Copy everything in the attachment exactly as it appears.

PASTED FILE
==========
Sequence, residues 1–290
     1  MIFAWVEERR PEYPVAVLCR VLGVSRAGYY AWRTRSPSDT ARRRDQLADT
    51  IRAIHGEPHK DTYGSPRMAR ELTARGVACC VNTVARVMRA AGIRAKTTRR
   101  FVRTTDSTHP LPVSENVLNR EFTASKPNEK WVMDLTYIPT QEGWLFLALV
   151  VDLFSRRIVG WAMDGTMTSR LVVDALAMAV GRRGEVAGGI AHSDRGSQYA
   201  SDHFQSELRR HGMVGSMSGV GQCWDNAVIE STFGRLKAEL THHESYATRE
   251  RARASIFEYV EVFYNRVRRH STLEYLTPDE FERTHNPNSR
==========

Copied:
Sequence, residues 1–290
     1  MIFAWVEERR PEYPVAVLCR VLGVSRAGYY AWRTRSPSDT ARRRDQLADT
    51  IRAIHGEPHK DTYGSPRMAR ELTARGVACC VNTVARVMRA AGIRAKTTRR
   101  FVRTTDSTHP LPVSENVLNR EFTASKPNEK WVMDLTYIPT QEGWLFLALV
   151  VDLFSRRIVG WAMDGTMTSR LVVDALAMAV GRRGEVAGGI AHSDRGSQYA
   201  SDHFQSELRR HGMVGSMSGV GQCWDNAVIE STFGRLKAEL THHESYATRE
   251  RARASIFEYV EVFYNRVRRH STLEYLTPDE FERTHNPNSR